The conversation inevitably turned to the financial aspect, or lack there of, throughout the league. “One thing is for certain is that some investment is needed when you look at some of the changing facilities, pitches and the fact, as I said, majority of the players are not full time. Players can earn more in League 2 in England so there is the danger of losing our better players. Having full time job and families to juggle along with training four times a week, not including games, is a huge work load for anyone.”

Now, in his 21st season covering the league, he was keen to further praise the players for their dedication and professionalism as things have changed dramatically throughout the years. “The players deserve credit for their commitment, and now with the online push and exposure, that brings pressure also. Years ago after games the players would stay for a few pints and it was the done thing. But not any more, the lads are a lot more professional now in terms of trying to look after themselves and can only be a good thing for the league also.”

To put it into perspective, last seasons highest paid player in the #Greatestleagueintheworld was earning 40,000 euro a year, just under 770 euro a week, and the average wage across the league was just 16,000 euro a year, roughly 307 euro a week. This is nothing when compared to their Premier League counterparts who’s average take home is a staggering 60,180-euro a week and the highest earning player receiving an eye watering 300,000 euro a week. But it can be argued the League of Ireland players have the much busier schedule.

Money is no guarantee for success as the Leicester City fairytale has shown this season. And in terms of getting value for money and entertainment there are a huge number of Manchester United fans that are bitterly disappointed at what they are getting in return for their expensively priced match tickets. Yet you can get similar drama and entertainment but with the added feeling of the live atmosphere right on your doorstep and for a fraction of the price. To add to this Neil stated: “It is hard to envisage where the domestic game can or will go with limited purse-strings and some investment would no doubt help, but even now, as when I was a kid, I genuinely enjoy going to games regardless of the money involved. Watching a live game is much more enjoyable than on TV”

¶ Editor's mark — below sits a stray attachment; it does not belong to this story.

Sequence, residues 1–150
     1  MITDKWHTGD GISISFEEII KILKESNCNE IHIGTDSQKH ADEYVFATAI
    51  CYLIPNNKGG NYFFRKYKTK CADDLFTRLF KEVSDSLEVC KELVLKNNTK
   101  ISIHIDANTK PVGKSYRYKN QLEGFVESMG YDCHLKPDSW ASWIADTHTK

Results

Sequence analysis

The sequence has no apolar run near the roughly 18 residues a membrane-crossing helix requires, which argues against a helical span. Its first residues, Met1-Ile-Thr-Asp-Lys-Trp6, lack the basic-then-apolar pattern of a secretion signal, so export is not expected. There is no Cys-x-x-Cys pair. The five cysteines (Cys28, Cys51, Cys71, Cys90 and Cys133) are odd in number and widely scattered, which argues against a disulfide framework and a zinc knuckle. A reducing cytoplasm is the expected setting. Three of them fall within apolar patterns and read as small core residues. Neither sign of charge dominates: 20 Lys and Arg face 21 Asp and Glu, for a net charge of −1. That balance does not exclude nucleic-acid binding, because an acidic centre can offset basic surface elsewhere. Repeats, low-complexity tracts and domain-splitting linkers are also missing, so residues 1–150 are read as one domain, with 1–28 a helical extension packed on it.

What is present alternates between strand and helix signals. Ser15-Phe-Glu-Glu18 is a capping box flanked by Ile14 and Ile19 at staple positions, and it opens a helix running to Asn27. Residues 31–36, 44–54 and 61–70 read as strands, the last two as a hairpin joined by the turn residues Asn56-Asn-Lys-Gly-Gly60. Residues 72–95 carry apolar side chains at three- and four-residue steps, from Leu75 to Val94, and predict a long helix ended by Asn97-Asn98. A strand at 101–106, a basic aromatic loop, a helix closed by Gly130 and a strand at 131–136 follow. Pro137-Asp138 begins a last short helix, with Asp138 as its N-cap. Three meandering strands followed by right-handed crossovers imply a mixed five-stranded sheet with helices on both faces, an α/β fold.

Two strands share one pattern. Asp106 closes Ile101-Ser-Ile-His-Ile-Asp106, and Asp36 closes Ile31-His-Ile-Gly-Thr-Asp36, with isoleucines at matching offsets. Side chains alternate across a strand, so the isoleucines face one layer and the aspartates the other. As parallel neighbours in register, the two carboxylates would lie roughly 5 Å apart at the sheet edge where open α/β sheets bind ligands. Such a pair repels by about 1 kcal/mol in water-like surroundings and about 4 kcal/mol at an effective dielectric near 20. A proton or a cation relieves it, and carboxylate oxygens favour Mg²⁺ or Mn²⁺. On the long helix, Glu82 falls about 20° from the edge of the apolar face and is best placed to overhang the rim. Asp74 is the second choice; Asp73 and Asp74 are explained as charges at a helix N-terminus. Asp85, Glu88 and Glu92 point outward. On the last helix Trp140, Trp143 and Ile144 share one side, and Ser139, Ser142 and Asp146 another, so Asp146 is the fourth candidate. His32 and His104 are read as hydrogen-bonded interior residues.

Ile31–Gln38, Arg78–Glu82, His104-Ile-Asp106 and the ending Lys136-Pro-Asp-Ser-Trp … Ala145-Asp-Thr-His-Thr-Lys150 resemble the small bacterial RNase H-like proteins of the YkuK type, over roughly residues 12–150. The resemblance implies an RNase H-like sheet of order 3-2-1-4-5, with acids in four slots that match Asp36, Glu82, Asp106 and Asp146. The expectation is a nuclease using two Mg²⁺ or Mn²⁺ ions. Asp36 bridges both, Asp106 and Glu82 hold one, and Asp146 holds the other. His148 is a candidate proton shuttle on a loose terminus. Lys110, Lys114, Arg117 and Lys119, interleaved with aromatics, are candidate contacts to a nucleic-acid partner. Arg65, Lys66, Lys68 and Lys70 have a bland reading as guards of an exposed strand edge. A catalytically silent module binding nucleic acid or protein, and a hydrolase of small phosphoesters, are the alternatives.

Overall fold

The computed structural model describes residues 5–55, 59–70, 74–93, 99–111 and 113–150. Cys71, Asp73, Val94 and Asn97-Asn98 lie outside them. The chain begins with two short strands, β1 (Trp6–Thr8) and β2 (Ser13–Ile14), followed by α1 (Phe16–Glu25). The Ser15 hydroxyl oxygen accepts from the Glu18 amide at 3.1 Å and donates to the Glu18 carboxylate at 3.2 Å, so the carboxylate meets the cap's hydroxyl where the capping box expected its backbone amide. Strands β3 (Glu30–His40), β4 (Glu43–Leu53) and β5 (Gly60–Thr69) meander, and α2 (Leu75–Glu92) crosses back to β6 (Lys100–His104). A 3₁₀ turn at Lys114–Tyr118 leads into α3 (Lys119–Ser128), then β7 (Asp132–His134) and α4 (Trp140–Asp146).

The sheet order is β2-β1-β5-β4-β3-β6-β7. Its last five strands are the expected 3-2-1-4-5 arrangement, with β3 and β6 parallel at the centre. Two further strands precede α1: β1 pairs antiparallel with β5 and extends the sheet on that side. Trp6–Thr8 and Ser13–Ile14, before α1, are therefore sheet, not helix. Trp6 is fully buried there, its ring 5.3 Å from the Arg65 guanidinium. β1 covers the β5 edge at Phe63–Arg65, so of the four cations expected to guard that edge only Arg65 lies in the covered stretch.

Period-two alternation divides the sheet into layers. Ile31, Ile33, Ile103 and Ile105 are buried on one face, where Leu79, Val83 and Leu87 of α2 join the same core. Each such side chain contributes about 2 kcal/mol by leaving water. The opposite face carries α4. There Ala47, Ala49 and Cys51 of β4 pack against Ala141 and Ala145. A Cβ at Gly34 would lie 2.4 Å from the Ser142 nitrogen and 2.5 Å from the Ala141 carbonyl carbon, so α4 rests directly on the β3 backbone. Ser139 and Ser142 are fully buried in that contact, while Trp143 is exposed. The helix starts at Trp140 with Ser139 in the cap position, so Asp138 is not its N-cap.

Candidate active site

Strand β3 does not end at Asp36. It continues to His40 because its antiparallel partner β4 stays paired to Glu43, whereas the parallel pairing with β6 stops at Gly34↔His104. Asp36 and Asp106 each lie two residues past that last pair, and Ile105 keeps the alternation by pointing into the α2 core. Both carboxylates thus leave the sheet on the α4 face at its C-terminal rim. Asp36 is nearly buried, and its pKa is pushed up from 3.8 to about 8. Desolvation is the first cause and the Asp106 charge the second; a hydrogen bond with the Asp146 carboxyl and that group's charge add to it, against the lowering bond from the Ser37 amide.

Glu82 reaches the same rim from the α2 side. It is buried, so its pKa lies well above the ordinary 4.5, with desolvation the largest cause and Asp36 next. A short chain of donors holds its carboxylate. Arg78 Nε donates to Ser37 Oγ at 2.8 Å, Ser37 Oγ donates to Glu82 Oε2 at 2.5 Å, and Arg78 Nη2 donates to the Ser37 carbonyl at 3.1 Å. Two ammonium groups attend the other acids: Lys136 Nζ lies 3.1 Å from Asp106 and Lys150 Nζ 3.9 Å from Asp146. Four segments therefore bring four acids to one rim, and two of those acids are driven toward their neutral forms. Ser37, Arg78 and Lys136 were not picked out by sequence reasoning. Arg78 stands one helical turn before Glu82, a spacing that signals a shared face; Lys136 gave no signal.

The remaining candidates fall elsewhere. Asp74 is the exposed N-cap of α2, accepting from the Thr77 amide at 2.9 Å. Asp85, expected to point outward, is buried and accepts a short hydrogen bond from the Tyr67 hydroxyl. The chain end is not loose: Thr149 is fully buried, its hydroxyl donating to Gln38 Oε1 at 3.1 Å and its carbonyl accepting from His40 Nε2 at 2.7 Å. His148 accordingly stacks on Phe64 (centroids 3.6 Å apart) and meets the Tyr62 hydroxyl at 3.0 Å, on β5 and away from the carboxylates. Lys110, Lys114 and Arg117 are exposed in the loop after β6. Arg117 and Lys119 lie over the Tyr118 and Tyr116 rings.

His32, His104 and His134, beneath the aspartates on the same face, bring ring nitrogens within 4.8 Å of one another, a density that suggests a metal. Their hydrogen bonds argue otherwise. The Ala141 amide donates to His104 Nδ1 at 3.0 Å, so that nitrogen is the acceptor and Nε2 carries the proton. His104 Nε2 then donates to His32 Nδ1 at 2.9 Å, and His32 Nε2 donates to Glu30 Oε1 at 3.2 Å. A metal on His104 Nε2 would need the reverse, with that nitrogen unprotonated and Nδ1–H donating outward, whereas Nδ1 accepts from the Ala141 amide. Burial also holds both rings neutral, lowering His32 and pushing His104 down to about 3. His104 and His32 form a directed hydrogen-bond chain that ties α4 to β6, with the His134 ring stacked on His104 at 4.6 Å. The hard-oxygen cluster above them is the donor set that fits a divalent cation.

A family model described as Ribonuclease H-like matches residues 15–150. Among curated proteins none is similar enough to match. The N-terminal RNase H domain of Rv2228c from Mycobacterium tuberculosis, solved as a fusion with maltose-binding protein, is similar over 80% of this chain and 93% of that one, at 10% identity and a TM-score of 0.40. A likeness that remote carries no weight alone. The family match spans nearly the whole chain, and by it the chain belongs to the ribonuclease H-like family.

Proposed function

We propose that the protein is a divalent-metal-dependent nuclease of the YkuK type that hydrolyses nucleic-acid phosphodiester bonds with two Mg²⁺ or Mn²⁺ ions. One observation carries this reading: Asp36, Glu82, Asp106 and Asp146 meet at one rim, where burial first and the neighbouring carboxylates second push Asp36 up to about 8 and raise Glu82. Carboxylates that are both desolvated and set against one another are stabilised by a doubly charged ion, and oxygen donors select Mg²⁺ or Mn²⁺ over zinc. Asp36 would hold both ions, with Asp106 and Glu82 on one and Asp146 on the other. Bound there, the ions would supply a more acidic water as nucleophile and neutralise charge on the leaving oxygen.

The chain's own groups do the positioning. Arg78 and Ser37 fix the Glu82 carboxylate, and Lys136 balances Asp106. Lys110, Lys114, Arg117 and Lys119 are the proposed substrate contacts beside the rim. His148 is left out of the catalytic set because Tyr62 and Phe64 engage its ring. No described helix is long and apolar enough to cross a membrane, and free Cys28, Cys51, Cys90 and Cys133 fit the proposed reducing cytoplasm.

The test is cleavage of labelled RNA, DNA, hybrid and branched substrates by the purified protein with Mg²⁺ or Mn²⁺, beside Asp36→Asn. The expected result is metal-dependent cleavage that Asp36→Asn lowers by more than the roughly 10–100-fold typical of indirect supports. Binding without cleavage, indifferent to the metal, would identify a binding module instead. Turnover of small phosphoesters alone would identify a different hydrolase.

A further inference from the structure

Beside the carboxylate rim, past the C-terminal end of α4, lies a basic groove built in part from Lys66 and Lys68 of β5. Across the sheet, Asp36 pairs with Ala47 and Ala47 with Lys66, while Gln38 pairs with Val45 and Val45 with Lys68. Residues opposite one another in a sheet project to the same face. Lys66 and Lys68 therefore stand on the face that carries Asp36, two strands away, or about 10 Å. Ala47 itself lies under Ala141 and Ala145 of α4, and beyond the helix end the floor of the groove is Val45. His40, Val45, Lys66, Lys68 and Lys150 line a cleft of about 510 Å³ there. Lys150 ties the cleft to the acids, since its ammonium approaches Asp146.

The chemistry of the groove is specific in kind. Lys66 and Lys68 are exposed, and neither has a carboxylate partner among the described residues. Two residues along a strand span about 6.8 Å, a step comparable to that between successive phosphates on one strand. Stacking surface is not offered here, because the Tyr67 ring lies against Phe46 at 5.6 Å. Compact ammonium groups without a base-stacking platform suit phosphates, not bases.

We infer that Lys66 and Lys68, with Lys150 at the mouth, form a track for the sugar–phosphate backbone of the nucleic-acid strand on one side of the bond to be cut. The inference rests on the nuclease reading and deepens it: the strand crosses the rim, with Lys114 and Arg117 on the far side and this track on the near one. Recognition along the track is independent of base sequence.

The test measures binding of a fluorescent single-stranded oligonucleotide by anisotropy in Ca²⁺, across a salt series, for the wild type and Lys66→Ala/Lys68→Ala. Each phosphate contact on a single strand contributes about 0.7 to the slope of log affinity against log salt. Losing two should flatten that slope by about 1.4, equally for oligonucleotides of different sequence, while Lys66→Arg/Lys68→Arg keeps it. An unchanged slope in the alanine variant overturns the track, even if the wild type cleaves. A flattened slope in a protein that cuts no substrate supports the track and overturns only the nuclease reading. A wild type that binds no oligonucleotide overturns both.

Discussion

So to answer to the original question, what makes the League of Ireland so great in a roundabout way could be the lack of money and what is it missing to get to the next level is obvious investment?

Maybe, just maybe, what makes the League of Ireland so great is the fact that it hasn’t had the sensationalist type of money pouring into it as other leagues have. Maybe what’s really great is that having volunteers and some of the local community involved at every level of the club, gives it that added engagement and feeling that it is actually their club. As we’ve established this could improve slightly, but as much as fans wish for that mega-rich oil tycoon to take over the running of their club, and in the process potentially limiting their direct involvement and personal investment, they should ask themselves would that take the “great” out of the #Greatestleagueintheworld?